• Al Thaker, Marketing Controller, McCormick (UK) Ltd
• Brian Yip, Director, Wing Yip
• Tom Styman-Heighton, Development Chef, Funnybones Foodservice
• Flip and Dip
• Orange Buffalo
• Pritesh Mody, Flavour Guru, World of Zing
• Tom Atkinson, Waring Brand Manager, Nisbets Plc.
• Michael Eyre, Culinary Director, Jestic Foodservice Equipment
• Aine Melichar, Senior Brand Manager, Kerrymaid

Why are sauces and seasonings so popular among consumers?

“In the same way as making anything fresh in the kitchen, producing sauces and seasonings from scratch allows the operator personalise the taste, consistency and style of the product, while also enhancing the quality of the menu,” Michael Eyre, Culinary Director, Jestic Foodservice Equipment

“Quick and simple to produce, homemade products really give the sense of quality and class across a menu. What’s more, by using locally sourced or seasonal ingredients, operators can easily change the menu to suit different seasons and trends throughout the year.”

“Customers love customising their food to make their own personal statement dish, and sauces and seasonings give them the opportunity to do this,” adds Tom Styman-Heighton, Development Chef at Funnybones Foodservice.
“A great quality plain burger can become one person’s spicy bean and avocado treat, another’s cheesy stack and yet another’s fried egg and chilli sauce supper. Sides, sauces and seasonings make the difference, and can turn any plain food – a steak, a hot dog or a burger into a feast that is tailor made to the customer.”
Pritesh Mody, Flavour Guru, World of Zing adds; “Sauces and seasonings provide an easy access point into a world of flavours whilst remaining within their culinary comfort zone.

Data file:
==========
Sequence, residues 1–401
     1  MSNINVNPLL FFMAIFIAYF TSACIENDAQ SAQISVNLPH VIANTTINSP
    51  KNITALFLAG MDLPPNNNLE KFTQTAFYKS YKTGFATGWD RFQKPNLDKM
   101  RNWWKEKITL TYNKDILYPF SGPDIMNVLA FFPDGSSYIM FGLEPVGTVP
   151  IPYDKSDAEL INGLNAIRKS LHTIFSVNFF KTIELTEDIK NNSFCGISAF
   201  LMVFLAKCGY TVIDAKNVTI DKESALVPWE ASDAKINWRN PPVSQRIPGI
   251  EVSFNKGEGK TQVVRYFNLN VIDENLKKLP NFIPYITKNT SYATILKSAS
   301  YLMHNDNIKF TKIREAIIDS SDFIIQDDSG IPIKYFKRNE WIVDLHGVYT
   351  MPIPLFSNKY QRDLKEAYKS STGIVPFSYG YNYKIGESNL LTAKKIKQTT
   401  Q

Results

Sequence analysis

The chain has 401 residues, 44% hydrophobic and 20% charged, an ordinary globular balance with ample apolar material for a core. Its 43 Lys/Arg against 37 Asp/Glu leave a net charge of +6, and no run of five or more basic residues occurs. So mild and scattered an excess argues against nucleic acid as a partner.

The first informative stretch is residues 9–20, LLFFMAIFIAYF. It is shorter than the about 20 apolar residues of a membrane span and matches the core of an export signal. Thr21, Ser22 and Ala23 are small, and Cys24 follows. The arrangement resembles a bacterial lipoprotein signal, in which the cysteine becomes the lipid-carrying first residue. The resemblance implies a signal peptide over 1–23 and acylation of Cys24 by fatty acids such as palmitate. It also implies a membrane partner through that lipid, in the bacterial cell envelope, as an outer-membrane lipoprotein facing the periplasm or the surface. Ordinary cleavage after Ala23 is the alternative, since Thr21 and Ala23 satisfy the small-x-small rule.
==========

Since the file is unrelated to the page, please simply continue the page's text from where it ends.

“For example, a simple burger or grilled chicken can be transformed into something far more exciting with the addition of a delicious internationally inspired table sauce without needing any cooking skill.”

How can vendors ensure their businesses stand out from competitors whilst using sauces and seasonings?

More and more restaurants are turning their attention to their sauce offerings resulting in new concept outlets where the sauce is the star.

Restaurants like Dip & Flip are reinventing the sauces and seasonings market, and have made gravy – one of the UKs most popular sauces - the ‘star of the show’.  Offering customers roast meat sandwiches ‘dipped’ in gravy and ‘flipped’ flat griddle smashed burgers, the Battersea Rise born concept has proved a hit with consumers looking for something a little different. 

Growing at an impressive rate the concept now churns out 900 litres of gravy a week, and since the success of their original branch have opened up three other sites in Wimbledon, Tooting and Brixton.

Overall the sauces sector in particular has seen a huge rise in quality and variety in recent years, although it’s important to realise that with sauces, there are few short-cuts to quality. 

“Operators can now pick the perfect sauce to match their flavour aspirations and price constraints,” explains Pritesh.  “Moreover, operators can also add perceived value to their products by collaborating with exciting sauce brands.”
Today’s well-travelled consumer demands authentic flavours, not just a British-style approximation of popular dishes. “This is why specialist wholesalers have the edge when it comes to world foods,” says Tom.  “A specialist wholesaler has expert knowledge on the authentic flavours and ingredients demanded by any particular cuisine, and can build links with trusted suppliers in the region, thus giving your offering credibility.
“As a wholesaler that focusses almost entirely on the cuisines of the USA, Tex-Mex, and Mexico, Funnybones Foodservice brings the flavours of North, Central and South America to the UK foodservice market.